In the 10 years since Katrina, New Orleans and the Gulf Coast have been reshaped in many ways: who lives there, the kind of work they do and what they can afford. Being Marketplace, we wanted to “do the numbers” on New Orleans.
Allison Plyer is executive director of the Data Center, a New Orleans-based think tank that publishes the New Orleans Index, a data-based looked at the demographics of New Orleans.
Total city population: Down
“The city has about 384,000 people now. Pre-Katrina, according to the census in 2000, we had about 484,000.”
Population growth: Up
“But every year we gain population. I always remind folks, that’s the most important thing, as long as every year it’s going up, that’s good.”
African-American residents: Down
“Pre-Katrina, about 66 percent of the population was African-American. We’ve lost about 97,000 African-American residents, which was a large chunk, so now, we’re just about 59 percent Africa-American.”
White residents: Down
“We also lost about 9,000 white residents. A lot of folks don’t realize that. But still proportionally now, the city has a larger share of whites, just because of how the African-American population has declined so much.”
Hispanic residents: Up
“We’ve gained about 6,000 Hispanics and a couple thousand Asians. So we’re diverse in a different kind of way than we were pre-Katrina.”
Bus transit: Down
“We used to have a pretty good system of buses, relative to many other cities in the country. Certainly not relative to New York or San Francisco, but relative to other cities. Those buses were flooded, as I think everybody saw. The reimbursement from FEMA was such that we were only able to acquire about one-fifth of the buses we had pre-Katrina. That means we have a lot fewer routes running right now and a lot less frequency. And that’s really hard for a lot of our workers who work in the tourism industry and rely on that.”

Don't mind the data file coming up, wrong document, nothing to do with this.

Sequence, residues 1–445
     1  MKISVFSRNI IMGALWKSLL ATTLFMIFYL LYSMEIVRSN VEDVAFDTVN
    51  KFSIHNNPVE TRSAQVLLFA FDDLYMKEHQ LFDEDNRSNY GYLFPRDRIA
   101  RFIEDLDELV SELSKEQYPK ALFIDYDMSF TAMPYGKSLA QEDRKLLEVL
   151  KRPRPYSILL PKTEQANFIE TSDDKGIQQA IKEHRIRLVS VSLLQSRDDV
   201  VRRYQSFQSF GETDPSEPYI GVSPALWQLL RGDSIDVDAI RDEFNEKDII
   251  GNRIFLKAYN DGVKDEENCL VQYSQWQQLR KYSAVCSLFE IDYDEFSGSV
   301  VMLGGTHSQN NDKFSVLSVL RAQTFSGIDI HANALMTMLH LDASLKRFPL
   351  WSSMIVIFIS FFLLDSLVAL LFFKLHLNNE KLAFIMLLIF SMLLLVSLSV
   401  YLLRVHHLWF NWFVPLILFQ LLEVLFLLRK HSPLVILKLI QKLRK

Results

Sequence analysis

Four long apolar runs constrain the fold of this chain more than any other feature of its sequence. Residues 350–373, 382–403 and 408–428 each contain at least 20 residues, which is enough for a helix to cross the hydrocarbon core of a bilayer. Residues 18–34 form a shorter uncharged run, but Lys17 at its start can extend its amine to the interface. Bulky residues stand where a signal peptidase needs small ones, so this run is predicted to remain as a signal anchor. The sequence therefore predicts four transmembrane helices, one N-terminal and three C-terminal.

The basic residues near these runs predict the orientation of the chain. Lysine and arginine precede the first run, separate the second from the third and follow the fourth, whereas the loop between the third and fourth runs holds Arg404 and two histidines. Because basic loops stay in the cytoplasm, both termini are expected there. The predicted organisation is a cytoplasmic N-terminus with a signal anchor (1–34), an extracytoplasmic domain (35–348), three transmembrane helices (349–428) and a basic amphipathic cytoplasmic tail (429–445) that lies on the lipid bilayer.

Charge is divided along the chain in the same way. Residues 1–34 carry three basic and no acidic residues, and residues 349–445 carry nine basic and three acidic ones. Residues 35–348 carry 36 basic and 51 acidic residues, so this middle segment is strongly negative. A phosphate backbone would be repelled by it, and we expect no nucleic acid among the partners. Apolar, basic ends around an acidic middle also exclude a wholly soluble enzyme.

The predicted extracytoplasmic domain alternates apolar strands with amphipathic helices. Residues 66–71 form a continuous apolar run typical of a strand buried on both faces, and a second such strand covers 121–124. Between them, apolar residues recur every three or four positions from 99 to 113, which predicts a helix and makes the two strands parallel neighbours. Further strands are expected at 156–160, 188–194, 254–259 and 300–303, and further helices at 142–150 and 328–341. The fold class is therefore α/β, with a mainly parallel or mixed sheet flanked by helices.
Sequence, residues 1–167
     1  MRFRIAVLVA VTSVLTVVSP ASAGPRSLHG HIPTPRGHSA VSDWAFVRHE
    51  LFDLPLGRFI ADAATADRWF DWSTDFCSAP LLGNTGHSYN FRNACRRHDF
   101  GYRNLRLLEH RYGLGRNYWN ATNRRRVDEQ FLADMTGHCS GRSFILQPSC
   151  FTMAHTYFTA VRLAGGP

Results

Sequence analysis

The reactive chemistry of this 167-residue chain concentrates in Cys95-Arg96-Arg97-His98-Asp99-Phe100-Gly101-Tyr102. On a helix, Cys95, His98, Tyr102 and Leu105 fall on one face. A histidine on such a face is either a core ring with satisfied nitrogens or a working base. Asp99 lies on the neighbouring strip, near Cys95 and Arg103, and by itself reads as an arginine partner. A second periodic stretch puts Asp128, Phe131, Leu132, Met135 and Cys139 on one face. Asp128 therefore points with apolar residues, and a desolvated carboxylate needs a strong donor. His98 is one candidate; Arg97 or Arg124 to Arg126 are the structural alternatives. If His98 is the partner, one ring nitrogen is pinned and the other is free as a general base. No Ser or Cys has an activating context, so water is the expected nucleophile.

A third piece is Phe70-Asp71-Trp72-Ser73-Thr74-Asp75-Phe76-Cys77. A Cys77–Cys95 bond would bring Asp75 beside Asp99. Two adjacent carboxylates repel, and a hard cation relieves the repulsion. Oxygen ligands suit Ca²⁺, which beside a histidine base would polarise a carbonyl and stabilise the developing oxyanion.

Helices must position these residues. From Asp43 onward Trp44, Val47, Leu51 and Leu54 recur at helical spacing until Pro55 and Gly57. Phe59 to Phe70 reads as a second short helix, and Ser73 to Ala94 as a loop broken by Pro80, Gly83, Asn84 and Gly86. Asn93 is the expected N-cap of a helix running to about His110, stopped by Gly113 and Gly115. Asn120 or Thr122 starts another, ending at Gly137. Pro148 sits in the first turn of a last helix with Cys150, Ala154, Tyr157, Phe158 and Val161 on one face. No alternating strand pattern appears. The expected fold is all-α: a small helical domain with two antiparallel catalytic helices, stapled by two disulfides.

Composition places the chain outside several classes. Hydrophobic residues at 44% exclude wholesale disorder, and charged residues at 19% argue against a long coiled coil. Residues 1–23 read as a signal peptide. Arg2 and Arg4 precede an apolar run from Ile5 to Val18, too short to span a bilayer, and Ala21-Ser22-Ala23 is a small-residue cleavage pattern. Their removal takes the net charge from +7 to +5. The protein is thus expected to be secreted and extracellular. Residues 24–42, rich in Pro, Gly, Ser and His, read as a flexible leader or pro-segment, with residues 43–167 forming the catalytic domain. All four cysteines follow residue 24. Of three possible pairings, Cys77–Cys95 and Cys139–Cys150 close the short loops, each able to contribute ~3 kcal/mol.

Community-based clinics: Up
“There’s been a movement towards community-based clinics that spawned, really, out of Katrina, and has been more effective in supplying primary health care than our previous model, which was all centralized downtown in the [Charity Hospital region]. It delivered a lot of other care really well, but for primary care, this decentralized system of clinics has proven to give more access to low-income communities. And we’re seeing that now in the studies that are coming out.”
Grocery stores: Mixed
“Grocery stores have rebounded to pre-Katrina levels. Tulane just came out with a study on that. Pre-Katrina levels were not as good as they should be, we still have food deserts, but there was a time it was really dire here, in terms of availability of grocery stores.”
If you’re a member of your local public radio station, we thank you — because your support helps those stations keep programs like Marketplace on the air. But for Marketplace to continue to grow, we need additional investment from those who care most about what we do: superfans like you.
Your donation — as little as $5 — helps us create more content that matters to you and your community, and to reach more people where they are – whether that’s radio, podcasts or online.
When you contribute directly to Marketplace, you become a partner in that mission: someone who understands that when we all get smarter, everybody wins.